1. Atlas is not the best example of the point you’re trying to make. Neat name (apparently taken from Ford’s concept truck that was a thinly-veiled production 2015 F-150) but isn’t as good as folks make it out to be.

  5. $40,000 is right around the starting price an Escape PHEV Titanium that includes the power moonroof and Pilot 360. You’re losing the illusion of ruggedness, but the value for a loaded Bronco Sport just isn’t there IMO. If anything, the Bronco Sport is like the Mercury Mariner to the current Escape.

    Side note- Ford’s website says the $36,500 price does not include the $1,500 destination fee.

    1. Not to mention the Escape Titanium Hybrid that starts at $35k and gets 14(!) more MPG than the Bronco Sport. It truly makes no sense to get the Bronco Sport unless you really, really like the look of it.

      1. The projected image is completely different between the two.

        The Escape is a fancy boot like a Thursday Wingtip – Urbane and stylish while the Bronco II Outer Banks is like Thurday’s Captain in Brandy, more of an old school style complete with captoe.

        When my wife was unexpectedly looking for a new car, We didn’t even think Escape. We did think Bronco Sport but landed on Renegade instead. (She really liked one back at an earlier auto show and I like four cylinders over three any day.)

    2. I’d say it’s the other way around. Mariner was the premium gen-1 & 2 Escape, replaced by the MKC after Mercury got shut down. Escape has higher available amenities and isn’t rugged (really it’s a tall Focus, since we don’t get that anymore) but also has fleet/rental grades to cash in on the familiarity of the nameplate.
      The Bronco Sport is a closer successor to the gen-1 & 2 Escape (as noted in the article) and with a headlight and grille change could even pass for an evolution of those models. They were among the most “truck-like” of the FWD crossovers, being designed for mild off-roading, ease of use, and fairly easy to take care of the interior (even moreso now with the Bronco Sport). The 2013 model changed all that, going for a more car-like vehicle showcasing the Focus roots and European Kuga version.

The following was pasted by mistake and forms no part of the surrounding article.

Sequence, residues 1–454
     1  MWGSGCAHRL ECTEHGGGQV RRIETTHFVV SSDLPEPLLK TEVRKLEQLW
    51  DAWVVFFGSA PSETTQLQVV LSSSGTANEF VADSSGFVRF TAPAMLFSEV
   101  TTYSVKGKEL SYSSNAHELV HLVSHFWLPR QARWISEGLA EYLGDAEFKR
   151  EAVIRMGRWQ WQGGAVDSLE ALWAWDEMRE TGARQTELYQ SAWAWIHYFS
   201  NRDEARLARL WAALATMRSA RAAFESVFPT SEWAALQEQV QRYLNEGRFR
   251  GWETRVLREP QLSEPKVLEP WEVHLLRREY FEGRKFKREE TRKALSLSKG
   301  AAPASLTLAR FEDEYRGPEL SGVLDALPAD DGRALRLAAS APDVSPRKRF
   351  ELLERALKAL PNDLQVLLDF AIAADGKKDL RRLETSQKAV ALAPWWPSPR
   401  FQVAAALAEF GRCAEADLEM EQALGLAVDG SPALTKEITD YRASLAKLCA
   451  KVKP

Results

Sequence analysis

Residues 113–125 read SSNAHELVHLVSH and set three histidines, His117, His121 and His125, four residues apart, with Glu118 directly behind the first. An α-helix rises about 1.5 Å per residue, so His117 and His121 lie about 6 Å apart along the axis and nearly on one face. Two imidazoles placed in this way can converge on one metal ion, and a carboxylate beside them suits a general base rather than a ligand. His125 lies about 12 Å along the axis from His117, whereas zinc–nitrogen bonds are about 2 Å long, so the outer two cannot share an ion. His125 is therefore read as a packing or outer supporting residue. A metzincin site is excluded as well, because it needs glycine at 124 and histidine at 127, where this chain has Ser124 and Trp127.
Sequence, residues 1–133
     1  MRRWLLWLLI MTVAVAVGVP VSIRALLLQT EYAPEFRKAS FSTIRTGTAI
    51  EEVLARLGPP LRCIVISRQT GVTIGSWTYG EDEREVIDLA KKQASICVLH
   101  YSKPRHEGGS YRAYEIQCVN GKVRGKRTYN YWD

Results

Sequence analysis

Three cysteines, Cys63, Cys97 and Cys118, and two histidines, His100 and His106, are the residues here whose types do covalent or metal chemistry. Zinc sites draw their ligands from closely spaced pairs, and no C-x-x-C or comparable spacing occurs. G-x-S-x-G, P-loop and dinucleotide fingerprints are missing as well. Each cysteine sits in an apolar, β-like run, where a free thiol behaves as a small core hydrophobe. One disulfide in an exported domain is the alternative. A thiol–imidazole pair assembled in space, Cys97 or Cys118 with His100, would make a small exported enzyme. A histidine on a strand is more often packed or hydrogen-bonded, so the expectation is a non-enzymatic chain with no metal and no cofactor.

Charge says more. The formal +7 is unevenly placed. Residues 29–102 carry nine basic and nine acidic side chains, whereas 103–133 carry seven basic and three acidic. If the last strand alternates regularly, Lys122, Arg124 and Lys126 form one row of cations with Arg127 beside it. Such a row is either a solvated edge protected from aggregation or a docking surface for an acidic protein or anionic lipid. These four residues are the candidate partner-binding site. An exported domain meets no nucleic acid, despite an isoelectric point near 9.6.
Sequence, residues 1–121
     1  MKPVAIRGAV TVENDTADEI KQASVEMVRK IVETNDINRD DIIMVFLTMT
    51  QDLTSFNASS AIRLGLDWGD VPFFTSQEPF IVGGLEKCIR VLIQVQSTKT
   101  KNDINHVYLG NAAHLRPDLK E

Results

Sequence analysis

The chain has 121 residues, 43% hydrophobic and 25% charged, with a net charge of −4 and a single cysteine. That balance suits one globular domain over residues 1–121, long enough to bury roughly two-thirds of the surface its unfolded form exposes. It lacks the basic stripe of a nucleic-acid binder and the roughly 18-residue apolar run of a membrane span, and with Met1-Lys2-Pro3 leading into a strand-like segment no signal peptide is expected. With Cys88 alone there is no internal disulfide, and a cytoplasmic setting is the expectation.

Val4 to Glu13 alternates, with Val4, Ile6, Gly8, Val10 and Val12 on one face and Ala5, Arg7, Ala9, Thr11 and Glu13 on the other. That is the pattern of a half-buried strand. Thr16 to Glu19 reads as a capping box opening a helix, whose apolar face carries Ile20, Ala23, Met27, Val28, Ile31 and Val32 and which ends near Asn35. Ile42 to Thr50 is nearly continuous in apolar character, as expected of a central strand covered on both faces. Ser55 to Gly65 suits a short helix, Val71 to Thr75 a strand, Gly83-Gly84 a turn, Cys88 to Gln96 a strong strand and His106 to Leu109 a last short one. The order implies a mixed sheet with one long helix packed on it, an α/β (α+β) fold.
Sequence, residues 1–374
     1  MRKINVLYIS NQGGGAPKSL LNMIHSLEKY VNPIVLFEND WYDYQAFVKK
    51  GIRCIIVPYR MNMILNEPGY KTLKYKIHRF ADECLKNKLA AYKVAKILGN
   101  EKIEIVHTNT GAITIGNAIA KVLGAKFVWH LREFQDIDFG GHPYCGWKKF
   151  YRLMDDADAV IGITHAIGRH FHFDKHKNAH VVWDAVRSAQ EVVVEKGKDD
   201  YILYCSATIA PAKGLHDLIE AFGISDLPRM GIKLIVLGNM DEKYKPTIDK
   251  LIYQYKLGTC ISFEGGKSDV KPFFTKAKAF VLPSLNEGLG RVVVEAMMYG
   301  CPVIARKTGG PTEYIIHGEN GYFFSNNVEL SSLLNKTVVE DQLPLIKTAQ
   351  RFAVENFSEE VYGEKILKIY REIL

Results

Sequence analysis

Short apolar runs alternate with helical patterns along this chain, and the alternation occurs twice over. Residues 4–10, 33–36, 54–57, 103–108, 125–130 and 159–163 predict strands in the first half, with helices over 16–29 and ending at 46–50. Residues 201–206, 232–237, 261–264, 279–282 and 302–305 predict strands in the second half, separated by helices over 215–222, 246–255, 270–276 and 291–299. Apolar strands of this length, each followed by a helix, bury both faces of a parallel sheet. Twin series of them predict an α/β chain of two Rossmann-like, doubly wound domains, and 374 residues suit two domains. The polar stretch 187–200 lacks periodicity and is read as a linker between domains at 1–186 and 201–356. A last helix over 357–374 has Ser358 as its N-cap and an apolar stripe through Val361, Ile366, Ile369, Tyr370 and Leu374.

Really they could have had the 2013 model be called Kuga or Focus Active (not to be confused with the current implementation of that name) or some other buzzword name, and continued the Escape, but they lacked Mazda’s platform to make an updated model (which is probably for the best, as Mazda pivoted to the CX-5, though now has a similar lineup with the more car-like CX-5 competing with the Escape and Corsair and their classes, and the new CX-50 competing with the Bronco Sport and its class).

  6. Can we please have one review of a crossover on this site that isn’t a snark fest? I thought we left that behind on the orange site. Your critiques are certainly valid and this is well written and thorough but so much of it just reads as the usual CROSSOVER BAD AND CROSSOVER DRIVERS ARE LOSERS content we can find anywhere.

    The Bronco Sport is a cheerful little SUV for people that don’t need all the capability of the big boy Bronco and want something more civilized to drive. I see them all over now and you know what? I like them. They look good, they’re not too serious, they come in fun colors, they’re not awful on gas, et cetera. They can also be parked in a city without trouble which can’t be said of the big Bronco or a 4Runner.

    I’d rather see these than another grayscale blob crossover because they’re fun. Not every car needs to be serious. One of these will serve the needs of probably 90% of the people that buy stuff like Wranglers and 4Runners anyway….and if you spring for the Badlands one they’re not half bad off road. I wouldn’t suggest trying to tackle the Rubicon in one, but for normie off-roading they’ll do fine. I think Tracy did a full breakdown of one either here or for the old site.